Digital Product Acquisition In The Context Of Piracy: A Proposed Model And Preliminary Findings

Rob Veitch, Ioanna Constantiou

    Publikation: Bidrag til bog/antologi/rapportKonferencebidrag i proceedingsForskningpeer review


    Ten years after the fall of Napster, digital piracy remains an issue for e-commerce firms. While scholars treat digital piracy as a behaviour that needs to be prevented or punished, the user’s decision about how to acquire a digital product involves more than the piracy option, yet the decision between
    piracy and legal alternatives has received limited attention. Moreover, existing models of piracy emphasize some elements of the acquisition decision, but disregard other important influences. This paper presents a model of digital product acquisition in the context of piracy, integrating elements of
    previous digital piracy models and expanding upon them to reflect the decision’s complexity. We depict the acquisition decision as being influenced by the user’s price perceptions, perceived risks, product desire, skills, and internal regulators of behaviour. A preliminary and partial test of the model is conducted for film and music using data collected students in at two Danish universities. The paper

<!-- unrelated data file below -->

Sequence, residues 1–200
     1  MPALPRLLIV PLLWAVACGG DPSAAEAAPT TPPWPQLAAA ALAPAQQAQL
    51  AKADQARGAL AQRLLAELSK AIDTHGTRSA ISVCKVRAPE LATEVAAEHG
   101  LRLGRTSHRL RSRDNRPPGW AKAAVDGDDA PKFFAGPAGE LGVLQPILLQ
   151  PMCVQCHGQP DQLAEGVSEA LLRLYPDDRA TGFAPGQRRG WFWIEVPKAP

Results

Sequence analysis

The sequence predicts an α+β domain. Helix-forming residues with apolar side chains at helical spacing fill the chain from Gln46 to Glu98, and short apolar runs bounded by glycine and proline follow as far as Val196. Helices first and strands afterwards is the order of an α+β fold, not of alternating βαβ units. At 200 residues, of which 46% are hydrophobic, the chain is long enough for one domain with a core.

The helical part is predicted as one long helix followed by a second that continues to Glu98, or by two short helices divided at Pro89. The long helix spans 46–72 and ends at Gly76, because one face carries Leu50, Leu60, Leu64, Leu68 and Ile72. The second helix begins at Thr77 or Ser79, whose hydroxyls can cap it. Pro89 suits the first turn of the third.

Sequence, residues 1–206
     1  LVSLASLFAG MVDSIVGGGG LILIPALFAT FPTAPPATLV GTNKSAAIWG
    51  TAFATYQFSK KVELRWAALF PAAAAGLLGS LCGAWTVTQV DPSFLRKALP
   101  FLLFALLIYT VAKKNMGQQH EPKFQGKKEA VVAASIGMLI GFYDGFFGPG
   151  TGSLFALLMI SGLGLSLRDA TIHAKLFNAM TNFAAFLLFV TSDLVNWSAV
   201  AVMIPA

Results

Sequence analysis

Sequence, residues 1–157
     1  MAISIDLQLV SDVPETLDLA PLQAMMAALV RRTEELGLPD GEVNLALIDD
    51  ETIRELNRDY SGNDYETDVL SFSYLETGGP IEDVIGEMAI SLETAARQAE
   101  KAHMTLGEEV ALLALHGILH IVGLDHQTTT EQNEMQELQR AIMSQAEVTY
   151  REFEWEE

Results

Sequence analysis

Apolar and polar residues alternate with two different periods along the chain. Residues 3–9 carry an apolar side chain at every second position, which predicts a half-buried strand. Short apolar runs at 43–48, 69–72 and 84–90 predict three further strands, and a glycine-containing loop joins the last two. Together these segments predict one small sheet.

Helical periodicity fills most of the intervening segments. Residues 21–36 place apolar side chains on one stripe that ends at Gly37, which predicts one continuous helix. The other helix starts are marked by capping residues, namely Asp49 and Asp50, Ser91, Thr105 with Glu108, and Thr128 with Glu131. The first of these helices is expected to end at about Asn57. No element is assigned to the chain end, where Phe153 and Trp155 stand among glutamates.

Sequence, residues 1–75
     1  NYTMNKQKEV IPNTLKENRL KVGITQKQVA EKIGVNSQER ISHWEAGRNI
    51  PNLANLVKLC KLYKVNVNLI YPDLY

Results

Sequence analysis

concludes with an outline for future research.
    TitelPACIS 2011 Proceedings
    RedaktørerPeter B. Seddon, Shirley Gregor
    Antal sider11
    UdgivelsesstedAtlanta, GA
    ForlagAssociation for Information Systems. AIS Electronic Library (AISeL)
    KapitelPaper 198 / Paper 201
    ISBN (Elektronisk)9781846356441
    StatusUdgivet - 2011
    BegivenhedThe 15th Pacific Asia Conference on Information Systems. PACIS 2011 - Brisbane, Australien
    Varighed: 7 jul. 201111 jul. 2011
    Konferencens nummer: 15


    KonferenceThe 15th Pacific Asia Conference on Information Systems. PACIS 2011
    AndetQuality Research in Pacific Asia


    • Digital products
    • Digital piracy
    • Consumer behaviour
    • Music
    • Films
    • Price perceptions
    • Decision-making
    • Internet piracy